A lecture in the series “In the Shadow of the Cherry” organized by the Art Tranfser Foundation.
The Meiji period was also referred to as the “Era of Light Government” (Japanese: 明治時代). Emperor Matsuhito’s reign was revolutionary for the country in many ways, allowing Japan to shine on the international stage. The revolution, however, meant abandonment of tradition, kimonos, woodcuts and traditional rituals, which paradoxically fascinated the Western world. The shin – hanga (Japanese: 新版画) prints created in the Meiji period were therefore a peculiar combination of the old and the new. Artists of the early twentieth century drew knowledge and technological solutions from the masters of wood engraving of the previous era, but gave their representations a completely different, marked by sentimentalism, character. What was the development of Japanese art after the opening of borders? What did the Meiji Revolution lead to? What influence did traditional crafts have on modern art?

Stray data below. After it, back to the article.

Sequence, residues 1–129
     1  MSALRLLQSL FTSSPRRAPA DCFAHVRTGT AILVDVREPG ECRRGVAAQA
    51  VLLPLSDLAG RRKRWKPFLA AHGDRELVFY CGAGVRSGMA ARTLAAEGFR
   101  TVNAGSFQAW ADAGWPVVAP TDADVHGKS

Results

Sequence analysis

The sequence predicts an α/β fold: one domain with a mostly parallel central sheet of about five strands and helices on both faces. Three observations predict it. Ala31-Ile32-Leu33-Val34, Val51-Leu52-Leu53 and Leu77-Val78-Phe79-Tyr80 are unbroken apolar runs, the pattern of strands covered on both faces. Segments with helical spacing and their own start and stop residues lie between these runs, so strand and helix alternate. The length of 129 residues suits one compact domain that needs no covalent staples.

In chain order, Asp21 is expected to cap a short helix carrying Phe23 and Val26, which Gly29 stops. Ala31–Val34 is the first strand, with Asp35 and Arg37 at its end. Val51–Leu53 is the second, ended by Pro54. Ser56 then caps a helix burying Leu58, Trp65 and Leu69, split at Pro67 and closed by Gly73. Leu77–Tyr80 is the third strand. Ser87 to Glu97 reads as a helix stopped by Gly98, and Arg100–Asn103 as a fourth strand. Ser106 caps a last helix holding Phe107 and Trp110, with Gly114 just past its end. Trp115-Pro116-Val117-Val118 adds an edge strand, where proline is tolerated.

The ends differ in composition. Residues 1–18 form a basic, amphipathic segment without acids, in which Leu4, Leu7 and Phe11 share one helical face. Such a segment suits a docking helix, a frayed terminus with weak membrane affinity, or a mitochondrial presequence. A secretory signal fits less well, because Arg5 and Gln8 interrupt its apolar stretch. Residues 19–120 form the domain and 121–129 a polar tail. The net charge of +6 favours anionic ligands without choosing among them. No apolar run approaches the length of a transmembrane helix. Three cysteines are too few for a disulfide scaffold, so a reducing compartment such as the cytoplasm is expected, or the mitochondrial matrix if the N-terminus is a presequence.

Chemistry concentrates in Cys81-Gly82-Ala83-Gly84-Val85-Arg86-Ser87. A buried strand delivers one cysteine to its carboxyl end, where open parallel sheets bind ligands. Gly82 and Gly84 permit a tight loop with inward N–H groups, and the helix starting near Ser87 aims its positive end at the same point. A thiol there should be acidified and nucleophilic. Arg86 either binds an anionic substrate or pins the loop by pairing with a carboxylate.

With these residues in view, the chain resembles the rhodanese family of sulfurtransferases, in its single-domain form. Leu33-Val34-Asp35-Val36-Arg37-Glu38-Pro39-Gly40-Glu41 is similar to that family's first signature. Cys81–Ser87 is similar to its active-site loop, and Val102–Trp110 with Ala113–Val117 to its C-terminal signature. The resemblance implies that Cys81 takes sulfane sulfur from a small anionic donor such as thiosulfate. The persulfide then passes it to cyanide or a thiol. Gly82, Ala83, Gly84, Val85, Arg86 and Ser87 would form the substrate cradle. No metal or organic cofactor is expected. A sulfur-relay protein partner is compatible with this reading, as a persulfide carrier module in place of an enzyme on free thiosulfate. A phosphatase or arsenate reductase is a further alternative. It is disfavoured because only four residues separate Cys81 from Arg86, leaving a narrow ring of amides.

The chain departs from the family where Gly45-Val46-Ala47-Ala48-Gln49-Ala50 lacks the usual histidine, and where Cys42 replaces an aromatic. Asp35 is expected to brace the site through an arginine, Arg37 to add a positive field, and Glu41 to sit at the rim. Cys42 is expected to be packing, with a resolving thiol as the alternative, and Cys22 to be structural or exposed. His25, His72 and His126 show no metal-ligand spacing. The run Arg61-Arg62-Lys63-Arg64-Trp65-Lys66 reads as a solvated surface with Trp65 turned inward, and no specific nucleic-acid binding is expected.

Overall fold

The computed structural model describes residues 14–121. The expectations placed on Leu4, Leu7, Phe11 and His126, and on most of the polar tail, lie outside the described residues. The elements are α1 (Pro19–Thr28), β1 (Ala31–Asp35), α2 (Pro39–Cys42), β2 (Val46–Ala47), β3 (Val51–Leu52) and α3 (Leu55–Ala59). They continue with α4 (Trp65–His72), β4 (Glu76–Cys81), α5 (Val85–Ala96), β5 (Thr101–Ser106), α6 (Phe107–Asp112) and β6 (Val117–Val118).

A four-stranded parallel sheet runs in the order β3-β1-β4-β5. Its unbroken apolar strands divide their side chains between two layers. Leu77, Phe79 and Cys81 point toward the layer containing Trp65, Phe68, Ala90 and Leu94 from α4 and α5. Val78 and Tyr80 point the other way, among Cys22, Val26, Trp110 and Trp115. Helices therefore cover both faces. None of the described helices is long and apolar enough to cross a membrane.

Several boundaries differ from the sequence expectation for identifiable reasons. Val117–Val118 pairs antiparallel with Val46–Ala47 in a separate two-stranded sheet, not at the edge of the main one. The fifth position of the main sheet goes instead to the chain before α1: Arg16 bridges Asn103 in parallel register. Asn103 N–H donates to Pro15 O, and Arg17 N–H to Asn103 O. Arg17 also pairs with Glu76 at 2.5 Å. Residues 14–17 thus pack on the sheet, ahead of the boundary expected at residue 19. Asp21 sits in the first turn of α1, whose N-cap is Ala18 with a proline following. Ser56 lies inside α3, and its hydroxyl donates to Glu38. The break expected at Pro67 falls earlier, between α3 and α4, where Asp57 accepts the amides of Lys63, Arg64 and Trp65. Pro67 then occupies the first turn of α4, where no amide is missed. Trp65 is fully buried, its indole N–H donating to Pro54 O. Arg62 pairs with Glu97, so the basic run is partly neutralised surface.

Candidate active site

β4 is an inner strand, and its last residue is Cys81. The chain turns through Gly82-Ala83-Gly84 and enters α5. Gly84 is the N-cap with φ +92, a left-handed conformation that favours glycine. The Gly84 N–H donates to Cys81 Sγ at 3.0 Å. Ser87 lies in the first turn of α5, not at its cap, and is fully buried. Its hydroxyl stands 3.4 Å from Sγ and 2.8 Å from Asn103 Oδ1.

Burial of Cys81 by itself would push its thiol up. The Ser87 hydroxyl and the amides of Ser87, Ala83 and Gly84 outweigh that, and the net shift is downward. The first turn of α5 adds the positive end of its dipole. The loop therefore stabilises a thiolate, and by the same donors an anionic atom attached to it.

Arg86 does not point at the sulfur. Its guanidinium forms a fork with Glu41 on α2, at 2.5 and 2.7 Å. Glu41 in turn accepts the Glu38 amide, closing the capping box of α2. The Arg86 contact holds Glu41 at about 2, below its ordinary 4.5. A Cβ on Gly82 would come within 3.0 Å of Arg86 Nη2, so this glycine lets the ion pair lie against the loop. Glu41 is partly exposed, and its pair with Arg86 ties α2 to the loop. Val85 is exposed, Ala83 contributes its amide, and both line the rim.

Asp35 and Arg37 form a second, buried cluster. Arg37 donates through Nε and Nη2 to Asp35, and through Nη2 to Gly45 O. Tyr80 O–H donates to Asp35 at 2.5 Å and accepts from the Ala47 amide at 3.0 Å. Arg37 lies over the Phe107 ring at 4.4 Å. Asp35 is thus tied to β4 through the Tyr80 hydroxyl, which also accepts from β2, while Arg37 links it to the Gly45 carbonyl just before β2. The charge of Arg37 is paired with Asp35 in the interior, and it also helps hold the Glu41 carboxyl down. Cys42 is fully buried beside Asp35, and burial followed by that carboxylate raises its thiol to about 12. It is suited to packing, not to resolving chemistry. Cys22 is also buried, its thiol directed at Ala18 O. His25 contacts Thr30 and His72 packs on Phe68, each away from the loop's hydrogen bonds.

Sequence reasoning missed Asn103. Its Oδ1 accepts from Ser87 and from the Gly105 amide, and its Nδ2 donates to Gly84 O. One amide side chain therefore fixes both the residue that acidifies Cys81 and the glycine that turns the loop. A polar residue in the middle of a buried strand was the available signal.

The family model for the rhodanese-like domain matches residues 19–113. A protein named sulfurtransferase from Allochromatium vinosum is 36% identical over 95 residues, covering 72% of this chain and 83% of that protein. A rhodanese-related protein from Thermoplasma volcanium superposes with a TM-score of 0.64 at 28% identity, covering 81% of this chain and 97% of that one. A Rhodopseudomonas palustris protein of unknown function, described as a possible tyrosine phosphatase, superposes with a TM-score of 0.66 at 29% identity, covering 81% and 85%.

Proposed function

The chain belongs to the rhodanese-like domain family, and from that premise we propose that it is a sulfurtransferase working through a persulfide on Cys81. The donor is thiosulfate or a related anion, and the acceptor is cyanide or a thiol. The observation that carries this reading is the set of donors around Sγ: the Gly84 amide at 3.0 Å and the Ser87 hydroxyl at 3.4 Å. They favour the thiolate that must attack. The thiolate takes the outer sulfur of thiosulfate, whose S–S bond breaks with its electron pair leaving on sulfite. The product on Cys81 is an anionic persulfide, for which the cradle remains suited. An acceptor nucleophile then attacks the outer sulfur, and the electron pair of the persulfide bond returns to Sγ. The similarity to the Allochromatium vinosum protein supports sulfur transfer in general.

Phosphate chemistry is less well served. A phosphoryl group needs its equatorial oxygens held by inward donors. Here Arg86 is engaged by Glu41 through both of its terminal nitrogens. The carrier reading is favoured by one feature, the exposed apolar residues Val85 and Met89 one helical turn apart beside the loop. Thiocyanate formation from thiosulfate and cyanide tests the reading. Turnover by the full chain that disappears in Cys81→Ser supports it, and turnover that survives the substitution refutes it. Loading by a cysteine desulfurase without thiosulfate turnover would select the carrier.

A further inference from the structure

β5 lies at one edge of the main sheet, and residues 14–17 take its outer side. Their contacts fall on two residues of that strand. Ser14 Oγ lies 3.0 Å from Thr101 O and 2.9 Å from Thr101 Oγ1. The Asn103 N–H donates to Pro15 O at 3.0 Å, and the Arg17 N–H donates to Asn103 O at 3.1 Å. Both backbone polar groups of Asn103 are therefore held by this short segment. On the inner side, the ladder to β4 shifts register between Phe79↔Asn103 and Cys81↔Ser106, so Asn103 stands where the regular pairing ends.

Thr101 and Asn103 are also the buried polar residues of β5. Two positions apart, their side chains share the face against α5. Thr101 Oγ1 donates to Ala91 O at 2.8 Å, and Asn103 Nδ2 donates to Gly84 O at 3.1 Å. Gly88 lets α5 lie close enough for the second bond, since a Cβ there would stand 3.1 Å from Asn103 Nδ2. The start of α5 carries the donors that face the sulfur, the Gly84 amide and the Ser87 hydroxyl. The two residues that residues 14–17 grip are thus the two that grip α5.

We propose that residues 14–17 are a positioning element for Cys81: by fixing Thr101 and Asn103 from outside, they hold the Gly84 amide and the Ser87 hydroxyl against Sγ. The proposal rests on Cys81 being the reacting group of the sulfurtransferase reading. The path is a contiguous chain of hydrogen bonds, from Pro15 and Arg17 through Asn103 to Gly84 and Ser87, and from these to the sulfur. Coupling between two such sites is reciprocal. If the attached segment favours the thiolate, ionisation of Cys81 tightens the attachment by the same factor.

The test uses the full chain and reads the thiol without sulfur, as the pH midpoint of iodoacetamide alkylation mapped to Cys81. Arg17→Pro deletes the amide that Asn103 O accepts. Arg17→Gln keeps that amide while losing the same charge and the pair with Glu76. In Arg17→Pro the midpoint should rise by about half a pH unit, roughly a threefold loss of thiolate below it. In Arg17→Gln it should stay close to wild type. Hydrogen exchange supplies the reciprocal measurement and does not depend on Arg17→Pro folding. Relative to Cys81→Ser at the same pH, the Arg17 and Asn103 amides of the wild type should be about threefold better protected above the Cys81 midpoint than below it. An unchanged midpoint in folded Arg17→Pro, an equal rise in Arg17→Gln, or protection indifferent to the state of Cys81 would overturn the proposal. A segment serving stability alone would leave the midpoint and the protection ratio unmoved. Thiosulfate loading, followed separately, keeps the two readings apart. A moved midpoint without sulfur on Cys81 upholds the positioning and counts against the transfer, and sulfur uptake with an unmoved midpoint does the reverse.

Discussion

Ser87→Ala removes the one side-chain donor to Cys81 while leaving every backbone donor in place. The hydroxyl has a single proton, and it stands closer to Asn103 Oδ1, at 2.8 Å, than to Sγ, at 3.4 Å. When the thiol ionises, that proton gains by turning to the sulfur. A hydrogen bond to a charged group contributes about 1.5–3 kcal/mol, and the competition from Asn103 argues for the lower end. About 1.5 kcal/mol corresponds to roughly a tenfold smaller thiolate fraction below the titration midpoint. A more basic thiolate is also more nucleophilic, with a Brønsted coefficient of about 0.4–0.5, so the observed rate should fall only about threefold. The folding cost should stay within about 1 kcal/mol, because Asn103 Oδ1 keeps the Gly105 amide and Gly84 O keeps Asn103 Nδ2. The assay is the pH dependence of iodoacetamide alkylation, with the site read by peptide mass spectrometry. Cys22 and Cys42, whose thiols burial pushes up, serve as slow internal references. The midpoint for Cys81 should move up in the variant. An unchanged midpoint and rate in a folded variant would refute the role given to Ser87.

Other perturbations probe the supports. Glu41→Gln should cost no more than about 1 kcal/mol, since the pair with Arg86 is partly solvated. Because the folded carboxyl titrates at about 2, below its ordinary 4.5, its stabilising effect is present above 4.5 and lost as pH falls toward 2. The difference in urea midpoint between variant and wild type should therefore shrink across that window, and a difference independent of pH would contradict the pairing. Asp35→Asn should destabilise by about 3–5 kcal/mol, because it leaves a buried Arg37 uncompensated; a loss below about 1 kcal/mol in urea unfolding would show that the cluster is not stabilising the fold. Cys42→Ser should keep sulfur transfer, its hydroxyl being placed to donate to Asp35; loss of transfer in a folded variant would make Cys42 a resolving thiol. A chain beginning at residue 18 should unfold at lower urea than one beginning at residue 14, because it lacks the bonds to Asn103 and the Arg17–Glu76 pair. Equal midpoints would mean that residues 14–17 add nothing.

Hosted by: Maja Wolniewska – art historian, curator, critic. Author of numerous publications and reviews, she cooperated, among others, with Szum magazine and the Niezła Sztuka portal. During her MA studies she conducted research on Japanese aesthetics and sense of beauty, basing her research primarily on ukiyo-e woodcuts. Her fascination with Japanese art was sparked by the exhibition Utagawa Kuniyoshi. In the World of Legends and Fantasy, organized by the National Museum in Krakow in 2011. Since 2019, she has been associated with the Artistic Journey of Hestia Foundation, where she is primarily responsible for the exhibition schedule at the ERGO Hestia Art Pavilion and the Foundation’s art branding program.